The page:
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Drawing the Nude: From Manet to Auerbach

[ Exhibition )

Black and white etching by Manet depicting a nude white woman lying on a bed with a flower tucked in her hair. She gazes boldly out at the viewer while a black woman holds a bundle of decorated fabric. A black cat stands at the end of the bed.

Edouard Manet, Olympia, 1867, Etching and aquatint on paper, Pallant House Gallery, Chichester (Accepted in lieu of Inheritance Tax by HM Government from the estate of MJ Long / Wilson and allocated to Pallant House Gallery, 2021) © Pallant House Gallery, Chichester, UK

How have artistic depictions of the human body shifted and changed over time?

The display traced the representation of the body in art from the classical ideal to realist figure studies by Édouard Manet and Walter Sickert and life drawings by Eric Gill, Michael Andrews, William Coldstream and Frank Auerbach.

Since the Renaissance the discipline of drawing in Western art has been devoted to achieving a particular representation of the human body based upon the classical ideal. In the early 1900s artists began to break away from this academic convention and sought to capture the nuances of the living body.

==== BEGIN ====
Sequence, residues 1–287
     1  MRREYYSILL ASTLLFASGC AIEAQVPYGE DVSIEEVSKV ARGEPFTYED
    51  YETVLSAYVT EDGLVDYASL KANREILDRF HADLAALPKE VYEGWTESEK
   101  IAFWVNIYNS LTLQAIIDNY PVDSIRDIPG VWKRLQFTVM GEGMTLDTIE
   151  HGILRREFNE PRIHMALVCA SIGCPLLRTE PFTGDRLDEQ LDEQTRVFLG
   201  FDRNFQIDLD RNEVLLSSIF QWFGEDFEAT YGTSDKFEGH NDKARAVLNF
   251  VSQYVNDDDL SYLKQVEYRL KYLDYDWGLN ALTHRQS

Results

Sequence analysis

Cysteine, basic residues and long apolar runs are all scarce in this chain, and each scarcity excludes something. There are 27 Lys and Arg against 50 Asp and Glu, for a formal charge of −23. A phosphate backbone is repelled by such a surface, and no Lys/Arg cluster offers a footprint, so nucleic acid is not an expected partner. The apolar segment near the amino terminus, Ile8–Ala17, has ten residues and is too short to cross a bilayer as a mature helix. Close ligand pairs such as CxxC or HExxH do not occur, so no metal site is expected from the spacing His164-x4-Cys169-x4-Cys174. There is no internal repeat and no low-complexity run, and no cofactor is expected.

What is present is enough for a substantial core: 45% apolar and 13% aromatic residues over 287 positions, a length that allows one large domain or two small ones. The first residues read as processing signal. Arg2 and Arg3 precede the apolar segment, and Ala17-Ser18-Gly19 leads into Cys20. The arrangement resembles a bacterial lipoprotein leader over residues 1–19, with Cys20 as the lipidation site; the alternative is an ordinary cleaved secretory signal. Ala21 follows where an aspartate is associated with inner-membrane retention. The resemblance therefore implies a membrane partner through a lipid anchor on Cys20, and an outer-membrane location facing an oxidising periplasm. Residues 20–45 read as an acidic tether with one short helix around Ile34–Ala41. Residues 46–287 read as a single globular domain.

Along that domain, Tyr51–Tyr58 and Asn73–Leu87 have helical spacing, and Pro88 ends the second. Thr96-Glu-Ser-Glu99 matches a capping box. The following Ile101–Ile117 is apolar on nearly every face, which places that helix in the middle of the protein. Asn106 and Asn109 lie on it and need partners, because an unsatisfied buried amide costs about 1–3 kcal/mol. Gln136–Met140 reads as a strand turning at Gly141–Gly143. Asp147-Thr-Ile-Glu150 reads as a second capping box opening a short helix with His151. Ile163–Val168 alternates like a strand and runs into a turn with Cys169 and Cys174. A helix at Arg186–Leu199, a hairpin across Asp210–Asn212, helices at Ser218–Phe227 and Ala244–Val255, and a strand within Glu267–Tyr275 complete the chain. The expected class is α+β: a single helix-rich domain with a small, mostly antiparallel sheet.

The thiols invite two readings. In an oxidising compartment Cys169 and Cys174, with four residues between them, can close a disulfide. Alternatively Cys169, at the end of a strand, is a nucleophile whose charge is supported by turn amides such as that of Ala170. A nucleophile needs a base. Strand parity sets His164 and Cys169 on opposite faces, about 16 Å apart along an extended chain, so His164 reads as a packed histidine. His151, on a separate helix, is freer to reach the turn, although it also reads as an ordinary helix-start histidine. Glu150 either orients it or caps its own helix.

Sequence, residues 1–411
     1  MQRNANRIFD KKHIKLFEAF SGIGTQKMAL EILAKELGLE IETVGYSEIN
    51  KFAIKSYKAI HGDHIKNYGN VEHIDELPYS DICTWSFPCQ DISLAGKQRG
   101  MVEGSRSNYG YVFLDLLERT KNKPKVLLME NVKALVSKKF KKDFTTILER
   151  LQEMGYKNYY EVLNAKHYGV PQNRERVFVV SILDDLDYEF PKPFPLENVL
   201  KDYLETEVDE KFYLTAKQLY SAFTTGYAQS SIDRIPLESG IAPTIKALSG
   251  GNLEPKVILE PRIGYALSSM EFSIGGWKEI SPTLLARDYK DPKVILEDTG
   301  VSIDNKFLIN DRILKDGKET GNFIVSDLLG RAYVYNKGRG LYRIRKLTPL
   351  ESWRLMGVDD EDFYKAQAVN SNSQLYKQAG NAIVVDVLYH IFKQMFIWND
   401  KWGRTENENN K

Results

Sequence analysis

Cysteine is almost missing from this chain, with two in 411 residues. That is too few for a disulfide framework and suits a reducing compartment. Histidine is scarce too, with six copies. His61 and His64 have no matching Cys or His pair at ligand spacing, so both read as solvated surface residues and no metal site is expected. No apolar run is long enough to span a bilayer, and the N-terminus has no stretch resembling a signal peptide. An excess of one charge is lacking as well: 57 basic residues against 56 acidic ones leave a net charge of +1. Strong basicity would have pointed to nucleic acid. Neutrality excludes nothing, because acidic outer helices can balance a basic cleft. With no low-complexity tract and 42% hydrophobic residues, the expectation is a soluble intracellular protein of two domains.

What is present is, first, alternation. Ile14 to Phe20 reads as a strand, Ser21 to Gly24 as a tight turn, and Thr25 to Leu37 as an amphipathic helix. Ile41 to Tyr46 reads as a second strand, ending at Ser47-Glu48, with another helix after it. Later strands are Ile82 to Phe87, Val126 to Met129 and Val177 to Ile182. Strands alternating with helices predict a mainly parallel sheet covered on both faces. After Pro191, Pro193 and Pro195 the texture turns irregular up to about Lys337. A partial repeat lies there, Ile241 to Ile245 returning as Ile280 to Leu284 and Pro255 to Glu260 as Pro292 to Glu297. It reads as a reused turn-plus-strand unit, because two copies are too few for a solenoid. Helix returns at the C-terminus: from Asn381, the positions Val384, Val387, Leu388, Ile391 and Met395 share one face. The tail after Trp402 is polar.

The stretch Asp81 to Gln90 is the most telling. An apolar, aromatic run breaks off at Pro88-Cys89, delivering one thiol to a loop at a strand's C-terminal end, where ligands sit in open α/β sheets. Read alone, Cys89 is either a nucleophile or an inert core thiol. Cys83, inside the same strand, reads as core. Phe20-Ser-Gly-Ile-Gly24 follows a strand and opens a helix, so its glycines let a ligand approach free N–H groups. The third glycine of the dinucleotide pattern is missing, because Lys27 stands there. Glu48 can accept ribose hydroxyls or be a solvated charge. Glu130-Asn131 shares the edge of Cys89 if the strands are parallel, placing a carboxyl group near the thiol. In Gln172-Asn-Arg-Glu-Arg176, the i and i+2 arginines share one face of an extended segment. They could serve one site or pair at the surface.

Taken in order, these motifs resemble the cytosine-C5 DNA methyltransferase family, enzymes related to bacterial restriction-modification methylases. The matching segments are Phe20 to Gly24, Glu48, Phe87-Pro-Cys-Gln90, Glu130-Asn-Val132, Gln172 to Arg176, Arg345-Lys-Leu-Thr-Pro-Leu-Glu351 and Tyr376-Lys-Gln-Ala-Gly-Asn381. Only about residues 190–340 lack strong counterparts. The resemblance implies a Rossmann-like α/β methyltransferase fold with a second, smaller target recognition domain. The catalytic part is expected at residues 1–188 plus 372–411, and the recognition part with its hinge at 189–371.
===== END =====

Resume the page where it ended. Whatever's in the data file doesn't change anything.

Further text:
Similar precision and clarity of line is evident elsewhere in the work of RB Kitaj, Keith Vaughan and Peter de Francia, whose particular interpretations of the human body were each supported by their strict adherence to drawing from life.

While the drawings of Manet, Sickert and Auerbach focused on the female form, later artists in the 20th century began to re-explore the male form, which had also been a central tenet of the classical ideal. Drawn two years after homosexuality was legalised in Britain in 1967, David Hockney’s Peter (1969) is a joyful celebration of Hockney’s relationship with his boyfriend and muse, Peter Schlesinger. It stands in contrast  to Keith Vaughan’s deeply personal sketches of full frontal male nudes that reveal much about his personal struggles with his homosexuality.

The exhibition was held in the De’Longhi Print Room.

Want to know more?

If you’re conducting research into this artist or another aspect of Modern British art and would like to use our library and archive, please contact Sarah Norris, Collections Manager on

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